From the Skype blog…
On Thursday, 16th August 2007, the Skype peer-to-peer network became unstable and suffered a critical disruption. The disruption was triggered by a massive restart of our users’ computers across the globe within a very short timeframe as they re-booted after receiving a routine set of patches through Windows Update.
The high number of restarts affected Skype’s network resources. This caused a flood of log-in requests, which, combined with the lack of peer-to-peer network resources, prompted a chain reaction that had a critical impact.
So it was all Microsoft’s fault then? Er, not quite.
Normally Skype’s peer-to-peer network has an inbuilt ability to self-heal, however, this event revealed a previously unseen software bug within the network resource allocation algorithm which prevented the self-healing function from working quickly. Regrettably, as a result of this disruption, Skype was unavailable to the majority of its users for approximately two days.
The issue has now been identified explicitly within Skype. We can confirm categorically that no malicious activities were attributed or that our users’ security was not, at any point, at risk.
This disruption was unprecedented in terms of its impact and scope. We would like to point out that very few technologies or communications networks today are guaranteed to operate without interruptions.
Hmmm…. Maybe. But, as GMSV observes,
what about interruptions that result from a scheduled event that has been occurring once a month for three years now? Each Patch Tuesday, Microsoft sends out its latest batch of fixes, and the millions of Windows machines dutifully download and reboot. What was different in this case? That’s just one of the issues that still need to be addressed if Skype and its owner, eBay, hope to rebuild trust.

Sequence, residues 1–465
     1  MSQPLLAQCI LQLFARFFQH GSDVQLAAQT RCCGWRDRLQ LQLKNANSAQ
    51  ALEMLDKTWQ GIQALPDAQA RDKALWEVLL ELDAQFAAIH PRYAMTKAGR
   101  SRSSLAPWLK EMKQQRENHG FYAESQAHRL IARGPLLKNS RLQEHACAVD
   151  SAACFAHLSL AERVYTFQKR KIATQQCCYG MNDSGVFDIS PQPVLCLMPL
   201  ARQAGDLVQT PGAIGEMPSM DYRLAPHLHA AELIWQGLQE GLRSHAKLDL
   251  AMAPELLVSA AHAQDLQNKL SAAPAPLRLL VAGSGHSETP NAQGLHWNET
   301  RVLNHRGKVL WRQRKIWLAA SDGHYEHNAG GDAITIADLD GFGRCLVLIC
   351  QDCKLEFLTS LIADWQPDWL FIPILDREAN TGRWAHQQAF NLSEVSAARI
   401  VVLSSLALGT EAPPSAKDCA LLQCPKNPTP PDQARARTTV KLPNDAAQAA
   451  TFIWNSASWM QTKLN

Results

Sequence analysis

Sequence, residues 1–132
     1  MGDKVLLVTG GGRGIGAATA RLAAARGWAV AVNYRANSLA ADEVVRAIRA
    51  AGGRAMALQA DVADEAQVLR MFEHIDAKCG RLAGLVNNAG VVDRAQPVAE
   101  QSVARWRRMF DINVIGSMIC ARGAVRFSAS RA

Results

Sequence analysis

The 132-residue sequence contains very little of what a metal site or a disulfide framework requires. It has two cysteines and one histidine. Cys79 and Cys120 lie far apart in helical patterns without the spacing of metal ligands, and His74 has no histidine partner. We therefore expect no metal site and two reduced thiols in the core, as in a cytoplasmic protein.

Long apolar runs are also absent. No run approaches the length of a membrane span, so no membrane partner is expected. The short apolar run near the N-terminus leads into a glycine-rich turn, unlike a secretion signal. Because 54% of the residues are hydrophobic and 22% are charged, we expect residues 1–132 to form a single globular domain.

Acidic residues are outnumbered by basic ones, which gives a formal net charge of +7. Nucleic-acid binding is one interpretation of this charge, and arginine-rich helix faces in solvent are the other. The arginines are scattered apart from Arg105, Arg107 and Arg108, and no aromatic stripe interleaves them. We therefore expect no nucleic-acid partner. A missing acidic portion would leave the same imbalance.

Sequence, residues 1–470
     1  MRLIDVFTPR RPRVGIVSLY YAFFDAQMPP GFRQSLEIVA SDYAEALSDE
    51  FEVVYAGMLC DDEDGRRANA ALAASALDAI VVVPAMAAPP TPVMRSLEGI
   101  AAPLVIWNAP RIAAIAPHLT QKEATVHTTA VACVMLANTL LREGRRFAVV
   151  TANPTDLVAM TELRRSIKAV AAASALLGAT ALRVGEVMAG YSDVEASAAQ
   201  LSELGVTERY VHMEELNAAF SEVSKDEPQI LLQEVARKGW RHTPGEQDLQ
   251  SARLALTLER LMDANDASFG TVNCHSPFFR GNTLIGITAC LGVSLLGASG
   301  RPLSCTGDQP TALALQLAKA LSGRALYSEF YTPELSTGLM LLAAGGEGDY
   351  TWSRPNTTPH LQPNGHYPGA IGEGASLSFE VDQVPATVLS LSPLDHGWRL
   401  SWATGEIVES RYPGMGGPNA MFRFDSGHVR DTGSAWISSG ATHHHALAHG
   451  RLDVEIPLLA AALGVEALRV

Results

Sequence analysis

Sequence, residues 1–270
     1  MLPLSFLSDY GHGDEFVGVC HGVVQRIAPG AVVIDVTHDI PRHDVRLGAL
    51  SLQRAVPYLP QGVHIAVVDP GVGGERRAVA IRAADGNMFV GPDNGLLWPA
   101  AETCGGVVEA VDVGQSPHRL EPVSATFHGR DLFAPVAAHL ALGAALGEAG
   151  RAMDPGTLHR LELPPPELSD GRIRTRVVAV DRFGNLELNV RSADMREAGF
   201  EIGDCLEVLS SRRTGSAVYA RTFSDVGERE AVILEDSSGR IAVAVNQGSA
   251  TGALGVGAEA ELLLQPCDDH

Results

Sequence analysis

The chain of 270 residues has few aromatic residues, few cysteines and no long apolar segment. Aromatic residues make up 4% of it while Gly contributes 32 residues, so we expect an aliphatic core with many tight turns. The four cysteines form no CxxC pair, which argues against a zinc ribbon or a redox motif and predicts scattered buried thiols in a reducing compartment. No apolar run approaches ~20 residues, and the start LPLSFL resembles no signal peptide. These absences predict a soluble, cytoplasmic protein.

There’s some scepticism in the blogosphere about the Skype explanation. For example, this:
1.Windows Update by default runs at 3am local time. So even if all Windows-based PCs in the world would restart they would not restart all at the same time, but over a 24 hour “follow the sun” period. The entire Skype user based is spread over 24 time zones, not in a single time zone.
2.Windows Update is delivered every second Tuesday of the month, and has been for the last three years. Why it only happened now?
3.Windows Update starts on Tuesday, and counting the timezones, the last country to reach that time would be here in New Zealand, which happens to be Wednesday morning local time. If the problem happened Thursday as claimed by Skype, this was Friday morning in New Zealand, almost two days after the automatic Windows Update.
Footnote: By my reckoning the next Windows Patch Tuesday is 9/11. I just mention it.